Golding Francis John Pinot Noir 2004

We had a very pleasant experience today.

With Foodie’s mum visiting to help with the Little Dictator, we decided to head out for a nice Sunday lunch at our new favourite beer venue, the Lobethal Bierhaus. After a nice morning feeding lazy roos at Cleland Wildlife Park on the first decent day for three weeks, we drove casually towards Lobethal, taking in the beautiful and quaint villages of the Adelaide Hills along the way. We had thought about doing a cellar door tasting on the way, and I had vaguely remembered someone telling us that there was a good winery just around Lenswood we should visit. I couldn’t remember the name, but as we approached Lobethal I suddenly saw the Golding sign and veered hard to the right. I was pretty sure that this was the one.

We drove up a long gravel road next to a vine-covered hillside to a barn that had been done up with new stonework and outside tables in a very creative and pleasing display. There were no signs pointing to any tasting room, so we were a bit apprehensive as we approached. I ducked inside just to check and was welcomed by an older couple who said that they were happy to receive us. Apparently they were still cleaning up from a huge wedding they had hosted the day before, which explained the lack of signage.

So, Foodie and I popped inside as Greg and Connie treated us to three types of Sauvignon Blanc (the Local 2007,  the Tourist 2007 and the Leap 2007 all @ $10 each!) and a Chardonnay (Billy Goat Hill 2005 @ $25). Greg was very friendly and spun more than one good yarn (we reluctantly had to tear ourselves away given the impending lunch reservation). The whites were all very nice, but a little cold so we hesitate to review them here (stay tuned). However, when we saw the label for the Francis John Pinot Noir, we knew we had had it before.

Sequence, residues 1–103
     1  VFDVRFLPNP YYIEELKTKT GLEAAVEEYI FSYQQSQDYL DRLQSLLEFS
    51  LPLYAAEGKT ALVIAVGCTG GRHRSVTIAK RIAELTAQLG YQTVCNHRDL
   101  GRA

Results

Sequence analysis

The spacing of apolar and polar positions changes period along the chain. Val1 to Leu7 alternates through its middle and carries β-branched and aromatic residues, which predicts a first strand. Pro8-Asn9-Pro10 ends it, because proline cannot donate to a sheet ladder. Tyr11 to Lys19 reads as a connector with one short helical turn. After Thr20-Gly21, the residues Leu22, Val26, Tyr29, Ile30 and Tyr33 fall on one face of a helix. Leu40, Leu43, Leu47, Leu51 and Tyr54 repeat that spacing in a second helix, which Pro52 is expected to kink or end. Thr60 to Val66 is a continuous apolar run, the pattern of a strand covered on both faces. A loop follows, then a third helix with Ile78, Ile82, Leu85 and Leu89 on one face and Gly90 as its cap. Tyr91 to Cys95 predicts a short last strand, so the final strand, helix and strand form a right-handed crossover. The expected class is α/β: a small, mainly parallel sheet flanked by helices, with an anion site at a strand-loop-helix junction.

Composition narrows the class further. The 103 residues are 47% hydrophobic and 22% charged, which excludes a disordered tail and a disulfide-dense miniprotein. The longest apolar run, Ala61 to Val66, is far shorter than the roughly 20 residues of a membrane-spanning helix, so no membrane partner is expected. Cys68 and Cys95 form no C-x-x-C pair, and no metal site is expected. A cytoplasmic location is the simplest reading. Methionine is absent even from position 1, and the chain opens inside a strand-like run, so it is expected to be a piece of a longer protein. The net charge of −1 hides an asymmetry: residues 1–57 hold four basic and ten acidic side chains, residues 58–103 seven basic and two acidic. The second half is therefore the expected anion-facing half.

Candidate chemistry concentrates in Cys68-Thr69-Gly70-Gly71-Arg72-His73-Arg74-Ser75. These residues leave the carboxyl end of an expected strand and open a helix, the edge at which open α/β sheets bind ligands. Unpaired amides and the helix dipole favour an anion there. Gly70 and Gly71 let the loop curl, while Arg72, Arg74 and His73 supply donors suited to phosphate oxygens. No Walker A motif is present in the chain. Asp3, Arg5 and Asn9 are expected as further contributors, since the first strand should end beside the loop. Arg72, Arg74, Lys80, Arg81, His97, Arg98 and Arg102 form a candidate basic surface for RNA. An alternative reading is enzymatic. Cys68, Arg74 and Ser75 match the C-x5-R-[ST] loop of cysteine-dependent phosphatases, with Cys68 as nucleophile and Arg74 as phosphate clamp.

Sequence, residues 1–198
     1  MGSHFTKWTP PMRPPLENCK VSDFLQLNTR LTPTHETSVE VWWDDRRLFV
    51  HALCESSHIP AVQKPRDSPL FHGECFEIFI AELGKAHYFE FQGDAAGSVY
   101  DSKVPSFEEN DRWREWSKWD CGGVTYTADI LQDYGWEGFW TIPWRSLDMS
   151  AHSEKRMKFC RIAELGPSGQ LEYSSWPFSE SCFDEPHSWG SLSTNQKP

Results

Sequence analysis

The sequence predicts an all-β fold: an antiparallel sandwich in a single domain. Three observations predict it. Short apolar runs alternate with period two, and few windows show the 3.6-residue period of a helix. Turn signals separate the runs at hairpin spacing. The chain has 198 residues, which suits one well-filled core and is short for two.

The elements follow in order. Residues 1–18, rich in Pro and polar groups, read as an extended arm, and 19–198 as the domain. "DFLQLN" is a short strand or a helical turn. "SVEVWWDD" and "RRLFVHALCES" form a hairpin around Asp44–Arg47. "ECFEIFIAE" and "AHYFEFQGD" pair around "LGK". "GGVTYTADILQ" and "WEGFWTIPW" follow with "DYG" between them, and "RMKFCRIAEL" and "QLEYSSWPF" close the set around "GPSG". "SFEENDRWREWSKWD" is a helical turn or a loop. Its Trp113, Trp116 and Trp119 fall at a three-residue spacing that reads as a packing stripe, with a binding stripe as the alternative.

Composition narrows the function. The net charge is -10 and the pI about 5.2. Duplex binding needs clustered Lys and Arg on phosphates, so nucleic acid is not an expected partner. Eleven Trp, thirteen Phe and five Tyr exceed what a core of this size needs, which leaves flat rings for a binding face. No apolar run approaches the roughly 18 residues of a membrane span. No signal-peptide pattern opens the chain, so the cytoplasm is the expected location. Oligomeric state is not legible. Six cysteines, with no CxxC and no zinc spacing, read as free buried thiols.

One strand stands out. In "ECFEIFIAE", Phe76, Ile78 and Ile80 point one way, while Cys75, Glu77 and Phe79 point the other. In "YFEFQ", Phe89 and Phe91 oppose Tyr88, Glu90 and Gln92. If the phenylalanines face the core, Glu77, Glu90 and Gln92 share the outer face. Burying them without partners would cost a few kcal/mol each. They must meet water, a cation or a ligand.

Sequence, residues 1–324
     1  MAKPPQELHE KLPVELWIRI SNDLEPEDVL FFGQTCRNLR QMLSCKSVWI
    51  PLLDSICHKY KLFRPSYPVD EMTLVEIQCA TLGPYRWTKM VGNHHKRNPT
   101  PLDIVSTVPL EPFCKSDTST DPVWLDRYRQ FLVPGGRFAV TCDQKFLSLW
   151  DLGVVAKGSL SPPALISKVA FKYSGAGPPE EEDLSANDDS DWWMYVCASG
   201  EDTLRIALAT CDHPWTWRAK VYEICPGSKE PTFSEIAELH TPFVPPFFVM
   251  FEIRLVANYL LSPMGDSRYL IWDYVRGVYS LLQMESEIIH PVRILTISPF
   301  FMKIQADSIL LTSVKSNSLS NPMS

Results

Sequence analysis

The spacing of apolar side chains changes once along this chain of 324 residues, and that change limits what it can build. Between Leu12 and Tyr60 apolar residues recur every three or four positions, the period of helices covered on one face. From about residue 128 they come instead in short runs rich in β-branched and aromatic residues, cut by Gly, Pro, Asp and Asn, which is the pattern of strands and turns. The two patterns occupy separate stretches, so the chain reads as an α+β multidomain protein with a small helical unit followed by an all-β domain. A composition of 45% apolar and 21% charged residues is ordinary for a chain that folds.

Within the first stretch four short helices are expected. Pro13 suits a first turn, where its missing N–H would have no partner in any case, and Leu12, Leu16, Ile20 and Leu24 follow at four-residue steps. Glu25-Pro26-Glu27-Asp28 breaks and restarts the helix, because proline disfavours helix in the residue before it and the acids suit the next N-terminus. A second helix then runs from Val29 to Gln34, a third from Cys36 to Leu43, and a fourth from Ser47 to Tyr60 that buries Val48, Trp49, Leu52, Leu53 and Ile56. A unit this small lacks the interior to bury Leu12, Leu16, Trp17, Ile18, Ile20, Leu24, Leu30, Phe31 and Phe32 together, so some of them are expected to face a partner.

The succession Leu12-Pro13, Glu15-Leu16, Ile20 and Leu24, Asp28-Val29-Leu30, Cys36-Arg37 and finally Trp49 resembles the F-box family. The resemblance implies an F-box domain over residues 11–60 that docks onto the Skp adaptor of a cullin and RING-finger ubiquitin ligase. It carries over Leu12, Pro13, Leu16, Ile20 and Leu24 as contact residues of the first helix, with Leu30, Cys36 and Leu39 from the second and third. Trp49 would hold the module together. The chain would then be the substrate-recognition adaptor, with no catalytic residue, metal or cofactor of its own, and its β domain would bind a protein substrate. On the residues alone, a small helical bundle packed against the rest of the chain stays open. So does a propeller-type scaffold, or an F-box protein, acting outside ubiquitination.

We racked our brains and then remembered we had tasted it at the National Wine Centre a few weeks before. At the time I remembered it being very pleasant, but I must have been more in a Shiraz mood because it didn’t make an impression on me. This time, however, I was fascinated with the smoothness and flavour. Greg told us their son and wine maker, Darren, did a whole-cluster fermentation that basically means they treat the grapes very gently during the wine-making process. The result is an extremely smooth and light-coloured Pinot Noir, but with a bursting flavour of fruit. We loved it. At $30 a bottle it’s not a steal, but I think for its age and complexity, it is worth the money.

I also think they have one of the more original descriptions on the back of the bottle (apparently ‘Francis John’, the scribbly face on the label, was Greg’s dad):

We’ve affectionately named this wine after our late and colourful grandfather – Francis John Golding. In one of life’s ironies he was raised as Peter Bennett, only to discover his true Golding identity upon enlisting in 1939. Although a beer lover at heart (bless him), our Pinot Noir shares many of his idiosyncrasies – it’s complex and irreverent with a warm and generous personality.

As un-wine-like as that sounds, it’s spot-on. It’s even more à propos considering that the Lobethal Bierhaus is only 2 minutes away by car. Try this mob – excellent Adelaide Hills’ wines, yet very unique.



~ by Groggy on 08/02/2009.

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